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  • October 13, 2017

4 Ways To Find a Competent Japanese Interpreter

With the personal experience of having my point not only lost in translation but coming off as a complete idiot, I was frustrated with the impression I was leaving a Japanese colleague. My mistake was that I got paired up with a Japanese translator that didn’t have an accounting background. And let’s say that I got nowhere with that person’s help until a new colleague came along that had the expertise I was looking for. Trust me when I say this: that the difference was night and day.

 

To save you the same hassles I went through, follow these 4 tips to help with your hunt for a competent translator:

 

1.) Experience in your field is necessary

 

This can make or break your first impression if your Japanese interpreter has no knowledge on how to convey your arguments and terminology to the other party. You just might as well recite Shakespeare because it’s going to fall on deaf ears. And even if your translator has the best of intentions, it doesn’t necessarily matter because that person will fail to deliver. So make sure your interpreter has experience in your field to be able to translate the same terms into their language for you.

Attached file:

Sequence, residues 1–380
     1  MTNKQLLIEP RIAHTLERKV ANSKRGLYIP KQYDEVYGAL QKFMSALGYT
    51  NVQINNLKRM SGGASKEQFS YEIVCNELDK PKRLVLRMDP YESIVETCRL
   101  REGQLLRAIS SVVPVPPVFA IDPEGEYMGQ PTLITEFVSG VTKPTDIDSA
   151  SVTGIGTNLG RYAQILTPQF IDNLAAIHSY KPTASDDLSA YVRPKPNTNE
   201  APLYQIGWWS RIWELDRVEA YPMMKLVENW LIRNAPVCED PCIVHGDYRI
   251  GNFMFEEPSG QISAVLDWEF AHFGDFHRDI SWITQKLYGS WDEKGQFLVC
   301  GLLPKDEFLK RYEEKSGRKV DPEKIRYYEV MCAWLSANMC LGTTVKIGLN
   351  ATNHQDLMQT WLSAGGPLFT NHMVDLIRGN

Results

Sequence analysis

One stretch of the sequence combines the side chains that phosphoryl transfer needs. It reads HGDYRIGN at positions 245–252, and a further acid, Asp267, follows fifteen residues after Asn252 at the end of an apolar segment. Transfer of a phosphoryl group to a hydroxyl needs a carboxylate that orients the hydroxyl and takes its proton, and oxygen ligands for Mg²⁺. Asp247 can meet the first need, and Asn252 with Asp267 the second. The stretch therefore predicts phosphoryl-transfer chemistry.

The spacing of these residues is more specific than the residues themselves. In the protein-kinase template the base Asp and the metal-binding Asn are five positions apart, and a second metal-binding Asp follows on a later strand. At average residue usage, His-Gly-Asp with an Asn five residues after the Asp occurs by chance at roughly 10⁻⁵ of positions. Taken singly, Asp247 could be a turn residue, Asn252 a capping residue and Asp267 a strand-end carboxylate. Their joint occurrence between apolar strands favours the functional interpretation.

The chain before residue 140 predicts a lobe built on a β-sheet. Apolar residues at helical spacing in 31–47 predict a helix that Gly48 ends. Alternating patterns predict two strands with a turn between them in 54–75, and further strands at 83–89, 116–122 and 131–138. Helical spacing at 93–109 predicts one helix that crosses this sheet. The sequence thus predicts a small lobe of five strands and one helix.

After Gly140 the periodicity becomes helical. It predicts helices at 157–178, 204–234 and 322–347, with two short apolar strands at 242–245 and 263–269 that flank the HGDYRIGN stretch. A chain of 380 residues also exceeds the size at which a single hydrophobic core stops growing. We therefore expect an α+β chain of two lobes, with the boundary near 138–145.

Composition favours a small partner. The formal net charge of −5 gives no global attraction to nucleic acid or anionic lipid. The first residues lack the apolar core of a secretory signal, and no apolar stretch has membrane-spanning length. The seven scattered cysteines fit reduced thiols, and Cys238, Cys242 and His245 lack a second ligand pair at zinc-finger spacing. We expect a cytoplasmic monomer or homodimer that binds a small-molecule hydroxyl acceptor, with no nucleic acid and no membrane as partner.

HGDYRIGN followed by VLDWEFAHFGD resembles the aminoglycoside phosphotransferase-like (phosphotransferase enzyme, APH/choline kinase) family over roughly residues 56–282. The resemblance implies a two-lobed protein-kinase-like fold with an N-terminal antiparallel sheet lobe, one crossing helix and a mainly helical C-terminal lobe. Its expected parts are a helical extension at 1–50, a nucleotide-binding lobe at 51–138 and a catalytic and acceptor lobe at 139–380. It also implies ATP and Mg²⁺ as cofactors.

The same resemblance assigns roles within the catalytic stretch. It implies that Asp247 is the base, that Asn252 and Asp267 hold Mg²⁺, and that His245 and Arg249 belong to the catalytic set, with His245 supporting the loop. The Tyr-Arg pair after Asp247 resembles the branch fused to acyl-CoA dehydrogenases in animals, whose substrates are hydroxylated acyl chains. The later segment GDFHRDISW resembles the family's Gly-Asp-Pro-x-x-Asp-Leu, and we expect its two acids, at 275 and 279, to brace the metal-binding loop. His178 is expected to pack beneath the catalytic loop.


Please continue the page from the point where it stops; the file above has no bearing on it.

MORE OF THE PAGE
2.)Bilingual capabilities

 

Look for someone that can actually speak like a native or at a near-native level in your language. Your interpreter needs to understand the full context of what you’re trying to say before they translate for you. And the only way to gauge this is to talk to that person directly. Don’t leave it to a company to decide for you.

 

3.) Has experience abroad

 

Whether this is experience living overseas or just working at an international company with Non-Japanese, you want someone with enough understanding of your culture to smooth things over just in case any misunderstandings may arise.  For example, a majority of Japanese favor soft-spoken and reserved personalities. If you happen to be either more assertive or outspoken, this may be a culture shock to the other party. So having a translator with international experience can go a long way to help bridge the gap between your culture and theirs.

 

4.)Not afraid to get your point across

 

Someone with the willingness to translate the full context of what you’re trying to say is not easy. Many Japanese are tactful communicators and can talk around the issue before getting to the point or –worst case scenario– not addressing it at all. Which may lose the impact of your wording if you’re going for a more direct impact. For an interpreter to do this, your person has to be willing to really support you, so try to ask several translation companies if you can do a brief interview with your potential translator before you come to a final decision.

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